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    Greater China
     Nov 27, 2008
Tibetans stick to the 'middle way'
By Denis Burke

AMSTERDAM - Of the 50 years since the Dalai Lama went into exile, few years can rival 2008 as a landmark for change in the Tibetan struggle. A year of protests, riots, fresh negotiations and strong words on all sides has culminated in a special meeting of prominent exile Tibetans to assess Tibet's situation and their strategy.

The exiles devised the so called "middle way" approach in the 1980s. It was adopted by popular referendum in the mid-1990s. The strategy calls for greater autonomy within China and demands that this goal be pursued through non-violent means. Twenty years later, the "middle way" has not produced any meaningful results. The latest round of China-Tibet negotiations


concluded the week before the special meeting was convened. No progress has been reported on either side.

The outcome of the special meeting was general agreement to continue to support the "middle way" approach, despite earlier signals that the strategy would be reassessed. In recent months, the Dalai Lama has suggested that continuing to negotiate with the current Chinese leadership is likely to prove fruitless. He underscored these remarks after the meeting when he reminded Tibetans of the importance of not alienating the Chinese people because of the actions of their government. The Dalai Lama, apparently wishing to give the delegates room to discuss the issues at hand freely, had absented himself from the meeting.

Although the meeting seemed to be a discussion aimed at the total revision of the exiles' strategy, it has served a very different purpose. The decision to retain the non-violent drive for greater autonomy is surprising considering events in Tibet this year, the ongoing failure to make progress at the negotiating table, the harder line adopted by Beijing, and - above all - the worsening situation in Tibet.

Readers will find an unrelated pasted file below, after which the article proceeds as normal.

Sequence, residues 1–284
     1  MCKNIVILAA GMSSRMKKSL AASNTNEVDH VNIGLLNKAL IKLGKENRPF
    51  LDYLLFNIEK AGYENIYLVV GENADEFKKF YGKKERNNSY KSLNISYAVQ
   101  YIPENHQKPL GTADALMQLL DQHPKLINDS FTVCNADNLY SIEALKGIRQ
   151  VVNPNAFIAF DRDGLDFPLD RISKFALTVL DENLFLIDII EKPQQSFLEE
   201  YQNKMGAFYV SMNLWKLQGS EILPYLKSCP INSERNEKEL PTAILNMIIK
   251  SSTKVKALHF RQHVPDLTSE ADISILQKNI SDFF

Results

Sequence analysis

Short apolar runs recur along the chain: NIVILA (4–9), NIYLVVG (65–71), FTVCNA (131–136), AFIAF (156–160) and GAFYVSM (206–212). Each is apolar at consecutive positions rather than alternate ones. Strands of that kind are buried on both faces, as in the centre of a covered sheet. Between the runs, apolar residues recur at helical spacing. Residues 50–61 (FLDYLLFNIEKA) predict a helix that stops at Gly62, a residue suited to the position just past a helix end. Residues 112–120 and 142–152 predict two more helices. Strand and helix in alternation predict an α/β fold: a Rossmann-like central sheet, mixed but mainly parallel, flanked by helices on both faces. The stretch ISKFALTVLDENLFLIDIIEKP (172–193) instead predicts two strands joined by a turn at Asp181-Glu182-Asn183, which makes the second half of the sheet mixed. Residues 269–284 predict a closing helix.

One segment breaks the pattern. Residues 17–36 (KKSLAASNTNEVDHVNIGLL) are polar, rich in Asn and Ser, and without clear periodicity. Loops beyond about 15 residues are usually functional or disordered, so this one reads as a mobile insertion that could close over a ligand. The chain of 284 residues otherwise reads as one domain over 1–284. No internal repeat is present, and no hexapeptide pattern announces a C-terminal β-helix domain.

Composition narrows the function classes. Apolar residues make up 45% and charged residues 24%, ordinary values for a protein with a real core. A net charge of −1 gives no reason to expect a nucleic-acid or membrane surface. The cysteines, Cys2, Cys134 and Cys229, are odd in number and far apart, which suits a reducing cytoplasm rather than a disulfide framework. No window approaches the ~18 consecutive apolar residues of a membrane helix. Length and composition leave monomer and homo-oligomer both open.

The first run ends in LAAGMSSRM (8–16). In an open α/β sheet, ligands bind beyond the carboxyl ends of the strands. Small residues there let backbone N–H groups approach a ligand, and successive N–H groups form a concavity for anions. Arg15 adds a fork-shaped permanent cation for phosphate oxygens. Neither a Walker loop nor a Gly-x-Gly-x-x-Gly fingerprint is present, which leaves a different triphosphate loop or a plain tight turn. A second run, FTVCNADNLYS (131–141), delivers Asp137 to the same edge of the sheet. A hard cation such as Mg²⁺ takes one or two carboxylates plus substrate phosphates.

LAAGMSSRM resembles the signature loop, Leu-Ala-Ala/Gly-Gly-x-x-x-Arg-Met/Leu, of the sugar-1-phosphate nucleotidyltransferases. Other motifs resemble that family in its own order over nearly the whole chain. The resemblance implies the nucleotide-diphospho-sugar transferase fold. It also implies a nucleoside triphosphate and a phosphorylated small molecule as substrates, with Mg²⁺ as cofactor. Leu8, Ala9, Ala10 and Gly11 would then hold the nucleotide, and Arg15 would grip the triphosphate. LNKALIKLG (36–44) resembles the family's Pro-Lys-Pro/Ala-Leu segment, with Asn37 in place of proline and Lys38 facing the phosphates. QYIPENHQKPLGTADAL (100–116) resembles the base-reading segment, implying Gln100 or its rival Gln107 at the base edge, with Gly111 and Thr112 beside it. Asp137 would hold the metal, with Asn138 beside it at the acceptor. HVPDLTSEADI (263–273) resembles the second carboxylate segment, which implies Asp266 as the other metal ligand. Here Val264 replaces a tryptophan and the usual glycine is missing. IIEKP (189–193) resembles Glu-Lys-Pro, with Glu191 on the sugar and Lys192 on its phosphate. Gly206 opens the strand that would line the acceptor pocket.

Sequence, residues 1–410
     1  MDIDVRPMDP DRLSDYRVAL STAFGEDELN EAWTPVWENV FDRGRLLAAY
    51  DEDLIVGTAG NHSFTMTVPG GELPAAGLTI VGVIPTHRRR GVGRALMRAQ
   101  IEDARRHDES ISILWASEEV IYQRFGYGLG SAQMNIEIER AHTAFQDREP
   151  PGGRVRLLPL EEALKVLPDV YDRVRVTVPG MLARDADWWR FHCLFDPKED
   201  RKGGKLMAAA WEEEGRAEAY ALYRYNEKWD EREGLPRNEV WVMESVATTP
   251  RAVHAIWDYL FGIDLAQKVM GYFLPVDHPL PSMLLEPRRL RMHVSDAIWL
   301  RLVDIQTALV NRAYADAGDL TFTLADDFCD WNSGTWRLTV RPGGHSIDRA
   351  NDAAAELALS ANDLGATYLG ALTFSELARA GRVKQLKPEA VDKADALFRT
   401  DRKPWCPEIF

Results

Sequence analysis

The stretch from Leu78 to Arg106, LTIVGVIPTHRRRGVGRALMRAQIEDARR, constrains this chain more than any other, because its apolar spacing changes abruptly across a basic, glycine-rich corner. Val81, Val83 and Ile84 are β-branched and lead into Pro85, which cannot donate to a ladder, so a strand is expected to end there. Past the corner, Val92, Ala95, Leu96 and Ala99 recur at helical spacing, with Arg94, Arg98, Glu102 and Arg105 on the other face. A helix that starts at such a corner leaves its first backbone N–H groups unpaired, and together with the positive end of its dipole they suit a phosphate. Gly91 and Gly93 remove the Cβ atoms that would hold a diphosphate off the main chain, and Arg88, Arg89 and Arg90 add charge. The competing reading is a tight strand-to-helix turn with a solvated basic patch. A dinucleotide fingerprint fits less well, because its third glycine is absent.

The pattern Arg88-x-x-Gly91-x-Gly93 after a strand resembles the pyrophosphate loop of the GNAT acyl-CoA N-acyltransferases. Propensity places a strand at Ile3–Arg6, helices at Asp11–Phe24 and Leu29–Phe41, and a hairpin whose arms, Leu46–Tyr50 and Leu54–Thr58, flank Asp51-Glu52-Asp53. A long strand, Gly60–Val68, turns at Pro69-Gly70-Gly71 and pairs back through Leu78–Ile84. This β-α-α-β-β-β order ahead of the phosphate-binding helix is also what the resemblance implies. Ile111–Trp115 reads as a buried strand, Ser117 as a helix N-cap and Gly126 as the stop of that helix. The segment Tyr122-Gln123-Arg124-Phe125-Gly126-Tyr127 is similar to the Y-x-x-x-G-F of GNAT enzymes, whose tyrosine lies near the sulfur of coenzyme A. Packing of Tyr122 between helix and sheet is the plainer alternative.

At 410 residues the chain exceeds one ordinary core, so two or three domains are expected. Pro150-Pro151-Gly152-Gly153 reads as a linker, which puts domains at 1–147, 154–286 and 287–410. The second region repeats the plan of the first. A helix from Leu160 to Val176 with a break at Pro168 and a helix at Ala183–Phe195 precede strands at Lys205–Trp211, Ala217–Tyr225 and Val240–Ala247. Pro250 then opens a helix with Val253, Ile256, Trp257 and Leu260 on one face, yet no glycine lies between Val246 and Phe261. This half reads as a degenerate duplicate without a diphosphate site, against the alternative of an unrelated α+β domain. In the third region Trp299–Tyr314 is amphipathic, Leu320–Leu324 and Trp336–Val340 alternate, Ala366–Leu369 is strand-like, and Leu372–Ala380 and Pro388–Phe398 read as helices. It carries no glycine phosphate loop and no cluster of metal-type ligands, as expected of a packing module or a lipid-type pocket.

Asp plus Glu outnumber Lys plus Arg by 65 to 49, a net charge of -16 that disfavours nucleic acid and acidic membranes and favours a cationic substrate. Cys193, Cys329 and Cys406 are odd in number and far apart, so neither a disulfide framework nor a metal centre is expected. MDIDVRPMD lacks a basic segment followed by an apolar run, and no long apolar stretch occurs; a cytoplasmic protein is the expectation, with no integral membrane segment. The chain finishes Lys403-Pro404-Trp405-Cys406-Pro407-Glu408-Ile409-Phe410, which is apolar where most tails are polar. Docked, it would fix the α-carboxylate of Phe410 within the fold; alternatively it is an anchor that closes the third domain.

For some time, young rural Tibetans have been moving into the cities in search of employment. An underclass of young, unemployed Tibetans is swelling in cities like Lhasa. Meanwhile, Han Chinese numbers continue to increase in the area and they are finding economic success where the Tibetans are not. Conditions for ethnic tension are rife, as demonstrated by the unrest in Tibet this year.

It has been 20 years since unrest on the scale seen in March has occurred in Tibet. The reaction of the Chinese police was initially quite unusual in its restraint, signaling a pre-Olympic Games departure from their usual zero tolerance tactics. Ethnic tensions were clearer in the Lhasa demonstrations than in any earlier riots that gained international attention. Significantly, the rapid and zealous Western condemnation of the Chinese security response to the Lhasa riots came before the situation on the ground had become clear. Many Western media reported a harsh crackdown before it actually happened, provoking a wave of anti-Western and anti-Tibetan diatribes on blogs and news websites.

However, the meeting provided a forum to seriously discuss the future of Tibet and - crucially - to practice democratic decision-making. The Dalai Lama has repeatedly expressed concern that support for the "middle way" was dwindling. The decision to continue the strategy serves to strengthen not just unity among the diaspora, but the entire political system of the exile community.